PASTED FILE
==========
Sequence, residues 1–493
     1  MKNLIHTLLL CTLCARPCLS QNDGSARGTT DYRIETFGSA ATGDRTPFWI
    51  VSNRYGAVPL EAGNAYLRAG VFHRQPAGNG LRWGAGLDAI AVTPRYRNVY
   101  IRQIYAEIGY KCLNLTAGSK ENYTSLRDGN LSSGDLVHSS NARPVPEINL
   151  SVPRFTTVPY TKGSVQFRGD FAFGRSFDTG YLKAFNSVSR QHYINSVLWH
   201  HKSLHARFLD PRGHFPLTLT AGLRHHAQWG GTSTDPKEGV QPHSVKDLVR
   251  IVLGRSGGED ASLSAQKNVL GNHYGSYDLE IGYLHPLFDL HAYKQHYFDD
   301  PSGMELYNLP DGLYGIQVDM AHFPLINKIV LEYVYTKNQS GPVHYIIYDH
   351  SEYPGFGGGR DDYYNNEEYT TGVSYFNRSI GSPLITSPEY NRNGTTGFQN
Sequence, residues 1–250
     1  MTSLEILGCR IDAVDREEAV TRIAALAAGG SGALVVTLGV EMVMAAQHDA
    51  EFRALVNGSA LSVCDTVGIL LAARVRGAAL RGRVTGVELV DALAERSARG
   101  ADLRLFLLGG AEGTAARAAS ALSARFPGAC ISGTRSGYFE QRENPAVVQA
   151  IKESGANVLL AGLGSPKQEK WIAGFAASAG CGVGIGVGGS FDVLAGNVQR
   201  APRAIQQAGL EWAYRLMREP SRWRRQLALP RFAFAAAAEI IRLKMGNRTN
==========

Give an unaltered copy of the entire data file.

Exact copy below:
Sequence, residues 1–493
     1  MKNLIHTLLL CTLCARPCLS QNDGSARGTT DYRIETFGSA ATGDRTPFWI
    51  VSNRYGAVPL EAGNAYLRAG VFHRQPAGNG LRWGAGLDAI AVTPRYRNVY
   101  IRQIYAEIGY KCLNLTAGSK ENYTSLRDGN LSSGDLVHSS NARPVPEINL
   151  SVPRFTTVPY TKGSVQFRGD FAFGRSFDTG YLKAFNSVSR QHYINSVLWH
   201  HKSLHARFLD PRGHFPLTLT AGLRHHAQWG GTSTDPKEGV QPHSVKDLVR
   251  IVLGRSGGED ASLSAQKNVL GNHYGSYDLE IGYLHPLFDL HAYKQHYFDD
   301  PSGMELYNLP DGLYGIQVDM AHFPLINKIV LEYVYTKNQS GPVHYIIYDH
   351  SEYPGFGGGR DDYYNNEEYT TGVSYFNRSI GSPLITSPEY NRNGTTGFQN
Sequence, residues 1–250
     1  MTSLEILGCR IDAVDREEAV TRIAALAAGG SGALVVTLGV EMVMAAQHDA
    51  EFRALVNGSA LSVCDTVGIL LAARVRGAAL RGRVTGVELV DALAERSARG
   101  ADLRLFLLGG AEGTAARAAS ALSARFPGAC ISGTRSGYFE QRENPAVVQA
   151  IKESGANVLL AGLGSPKQEK WIAGFAASAG CGVGIGVGGS FDVLAGNVQR
   201  APRAIQQAGL EWAYRLMREP SRWRRQLALP RFAFAAAAEI IRLKMGNRTN